Over the past months I’ve been reading a great number of motivatioal and inspiring books on the topic of personal growth. I’ve also been listening to podcasts and watching videos on YouTube. This interest has sprung from a combination of factors as I’ve recently reached a few significant milestones in my life; I retired and turned sixty, and I have five grandchildren between the ages of three months and nine years. I am concerned with aging, health, and emotional wellbeing, as well as my children’s and grandchildren’s future challenges. I have more time to reflect and more things to reflect on, so I’ve found these books, podcasts and videos very helpful, especially in these uncertain and volatile times in which we can take nothing for granted. I’ll be sharing my thoughts with you on Mondays.
This Monday I’m featuring a book which has enlightened me in my goal-setting strategies called Having It All, written by John Assaraf.
Having It All gives us the tools to achieve any type of goal we have will take you from where you are to where you want to be. John Assaraf started with nothing, in fact it was less than nothing, because when he was young he became part of a gang and was involved in petty crimes, until he met his mentor and his life gradually improved to one of outstanding success. In the first chapters, he tells us about his early years and his life before he realized his capacity to change and achieve his goals.
Today John Assaraf is one of the leading mindset and behavioral experts in the world. John has built 5 multimillion dollar companies, written several New York Times Bestselling books. He also took part in the documentary, “The Secret”.
I listened to the audiobook which has the advantage of listening to the author himself giving us specific and helpful advice with useful strategies to identify your goals, eliminate obstacles and achieve our dreams, using both conscious and practical approaches, as well as the power of our subconscious minds to develop empowering success habits.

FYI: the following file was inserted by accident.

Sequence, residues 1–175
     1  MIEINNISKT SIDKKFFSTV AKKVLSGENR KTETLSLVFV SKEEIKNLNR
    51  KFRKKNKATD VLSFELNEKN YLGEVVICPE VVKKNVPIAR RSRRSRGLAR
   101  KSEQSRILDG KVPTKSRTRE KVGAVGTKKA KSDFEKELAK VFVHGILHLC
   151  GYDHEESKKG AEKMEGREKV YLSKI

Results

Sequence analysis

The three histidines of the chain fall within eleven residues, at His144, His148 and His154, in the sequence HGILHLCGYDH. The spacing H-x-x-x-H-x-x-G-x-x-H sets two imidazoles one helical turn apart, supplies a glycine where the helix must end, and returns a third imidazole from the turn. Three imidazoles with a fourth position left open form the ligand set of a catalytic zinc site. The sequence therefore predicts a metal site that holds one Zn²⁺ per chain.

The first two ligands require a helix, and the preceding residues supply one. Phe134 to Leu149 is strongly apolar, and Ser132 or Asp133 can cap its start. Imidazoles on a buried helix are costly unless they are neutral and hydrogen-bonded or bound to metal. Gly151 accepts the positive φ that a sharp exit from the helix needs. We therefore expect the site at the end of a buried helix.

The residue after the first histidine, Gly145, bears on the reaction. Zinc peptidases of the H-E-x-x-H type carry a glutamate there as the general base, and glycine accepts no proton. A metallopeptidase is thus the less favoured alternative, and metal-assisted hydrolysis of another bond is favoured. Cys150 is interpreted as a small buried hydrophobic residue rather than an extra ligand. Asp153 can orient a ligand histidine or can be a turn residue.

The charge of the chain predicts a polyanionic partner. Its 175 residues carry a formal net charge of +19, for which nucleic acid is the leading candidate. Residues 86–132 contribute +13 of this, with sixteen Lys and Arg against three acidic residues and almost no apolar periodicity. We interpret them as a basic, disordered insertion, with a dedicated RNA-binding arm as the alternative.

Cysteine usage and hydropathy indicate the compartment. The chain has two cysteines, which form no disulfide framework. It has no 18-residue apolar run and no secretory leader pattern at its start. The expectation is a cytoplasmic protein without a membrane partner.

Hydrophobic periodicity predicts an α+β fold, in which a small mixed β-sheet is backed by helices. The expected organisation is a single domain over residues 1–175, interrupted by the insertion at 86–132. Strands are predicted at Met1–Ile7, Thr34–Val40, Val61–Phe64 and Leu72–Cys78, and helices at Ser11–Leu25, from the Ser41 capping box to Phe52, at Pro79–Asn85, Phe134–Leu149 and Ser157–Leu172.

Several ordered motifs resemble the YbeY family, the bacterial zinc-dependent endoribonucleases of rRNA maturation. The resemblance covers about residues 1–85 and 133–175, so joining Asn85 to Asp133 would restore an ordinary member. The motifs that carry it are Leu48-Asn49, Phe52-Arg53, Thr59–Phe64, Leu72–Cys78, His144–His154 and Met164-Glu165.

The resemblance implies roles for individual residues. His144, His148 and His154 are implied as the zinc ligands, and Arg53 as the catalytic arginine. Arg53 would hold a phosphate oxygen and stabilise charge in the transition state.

I took several pages of notes as I listened to his book, but I’ll just tell you about a few of the proposals which most inspired me.
He reminds us that every goal starts as a thought and inspires us by stating that if we have a desire, we also have the ability to achieve it.
He urges us to identify our goal, but we must be specific, use precise language and formulate it in the present tense as an affirmation. Then we should visualise it happening during our daily meditations in order to transfer it to the subconscious mind, as part of our daily rituals.
Then he identifies 7 power factors to achieve the goal: Persistence, attitude, discipline, vision, focus and action, which we can only carry through if we revise our daily habits and create new ones which will focus on actively achieving our goals.
We also need to revise our implicit and explicit beliefs related to the goal, which could be acting against us as negative blocks. We should identify our negative beliefs and reformulate them in a positive manner to create a new belief.
He explains it himself in the following YouTube video.
I found his book helpful in my goal setting. He made me see the difference between being a goal setter and a goal achiever. I did feel that sometimes the examples were too focused on goals involving financial gains, whereas I would have liked more proposals regarding creative endeavours.
Becoming wealthy has never been a goal in my life, but I can apply his proposals for other types of goals, such as being a successful author.
Here’s the link if you’d like to read my other posts on #PersonalGrowth